Tuesday, January 17, 2012
Who Won The Digital War?
More theatre screens are getting smaller as living room TV sets are getting bigger. Is it no surprise that more and more people watch movies at home?
The number of e-book titles available online is beginning to dwarf the number of printed books available in stores. Is it no wonder that more and more people read e-books on their e-readers?
To find music CDs is getting harder but music, including individual songs, can be downloaded anytime, anywhere for less money than a CD. Is it no wonder that more and more people listen to downloaded music (free or paid) than CDs?
And yet billions of dollars in transactions take place annually for each of these industries. Digitization is not all good or all bad, but it does make things interesting.
We’re about 20 years into the Internet revolution, so who are the winners and losers?
Losers Winners Winners
Paper companies Google Netflix
Printing presses Amazon Advertisers
Newspapers Facebook Escorts
Magazines Fed Ex Phone Companies
Commercial Builders Apple
U.S. Postal Service Hackers
Borders Communicators and creative types
Music Stores Pay Pal
Travel Agencies The Government
Interview With E-Reads Founder & Literary Agent Richard Curtis
1. Richard, as a literary agent and the head of Richard Curtis Associates Inc., where do you see the book publishing industry is heading? Though many predict the doom of printed books I am certain there will remain a significant place for them if the problems of distribution can be addressed, including returnability which has damaged the industry's profitability for decades. After this initial romance with digital books we will see a restoration of our love affair with printed books, which remain far more profitable than digital.
2. What do you love most about being a part of the book world for so many years? I love authors. I love editors. I love the process. I love being in the middle.
3. What advice do you have for struggling writers? It's harder than ever, I know. But first and foremost, go where the money is. It has always been in genre fiction like romance, thrillers and science fiction, Follow the genres. Once you're making a living from them, you can write what's in your heart.
4. What do you look for in the authors you decide to represent? First and foremost is the ability to dramatize a story rather than tell it. After that I value self-discipline.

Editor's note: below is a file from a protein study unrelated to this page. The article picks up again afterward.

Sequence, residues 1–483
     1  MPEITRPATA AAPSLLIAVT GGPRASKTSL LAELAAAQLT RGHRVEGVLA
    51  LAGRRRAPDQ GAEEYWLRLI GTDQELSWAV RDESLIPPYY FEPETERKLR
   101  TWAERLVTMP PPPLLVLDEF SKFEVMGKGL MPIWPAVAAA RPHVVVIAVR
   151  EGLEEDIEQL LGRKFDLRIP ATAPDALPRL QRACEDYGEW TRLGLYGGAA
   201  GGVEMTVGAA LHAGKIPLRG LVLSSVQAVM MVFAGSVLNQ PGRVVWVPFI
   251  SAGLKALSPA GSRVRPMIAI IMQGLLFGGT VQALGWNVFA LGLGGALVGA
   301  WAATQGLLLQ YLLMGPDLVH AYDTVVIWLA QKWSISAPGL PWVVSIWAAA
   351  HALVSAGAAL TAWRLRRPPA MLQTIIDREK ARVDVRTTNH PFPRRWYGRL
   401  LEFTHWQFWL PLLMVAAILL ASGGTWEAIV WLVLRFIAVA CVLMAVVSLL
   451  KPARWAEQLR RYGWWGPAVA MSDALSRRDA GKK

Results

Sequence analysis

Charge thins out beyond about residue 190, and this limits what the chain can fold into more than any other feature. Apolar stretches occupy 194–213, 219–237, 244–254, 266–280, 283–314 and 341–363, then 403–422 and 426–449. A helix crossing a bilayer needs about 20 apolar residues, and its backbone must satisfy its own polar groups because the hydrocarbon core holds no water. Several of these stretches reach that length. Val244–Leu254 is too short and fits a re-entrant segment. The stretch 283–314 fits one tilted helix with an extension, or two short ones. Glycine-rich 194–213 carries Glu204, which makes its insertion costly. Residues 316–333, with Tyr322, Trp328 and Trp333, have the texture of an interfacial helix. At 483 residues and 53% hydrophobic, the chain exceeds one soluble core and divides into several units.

5. You founded e-reads over a decade ago. Do you feel like a visionary for doing so? I've been told so. Ten years ago I was called a "Grumpy Old Visionary" - what does that make me ten years later? :-) It's true that I foresaw the transformation earlier than any of my colleagues. But I also acted on it, and that fast start has been a great advantage. The world has caught up and surpassed my original vision but the head start has enabled E-Reads to remain profitable.
6. You offer over a thousand books for sale but without virtually any publicity and yet your company has been quite profitable. What is the secret to your success? Many of our books are in genres that are evergreen, like romance and science fiction. The genres, and the authors, have passionate fans, who spread the word virally when one of their favorites is reissued. So the books sell themselves with less marketing than is needed by literary authors whose books are harder to classify.
7. Why do so many authors publish their e-book with you? We are dedicated to high quality, we distribute through all retailers, we have excellent underlying technology and a robust and attractive website. And perhaps authors are interested in what I have to say, in my blog, about the publishing process and current trends.
Brian Feinblum’s views, opinions, and ideas expressed in this blog are his alone and not that of his employer. You can follow him on Twitter @theprexpert and email him at firstname.lastname@example.org. He feels more important when discussed in the third-person.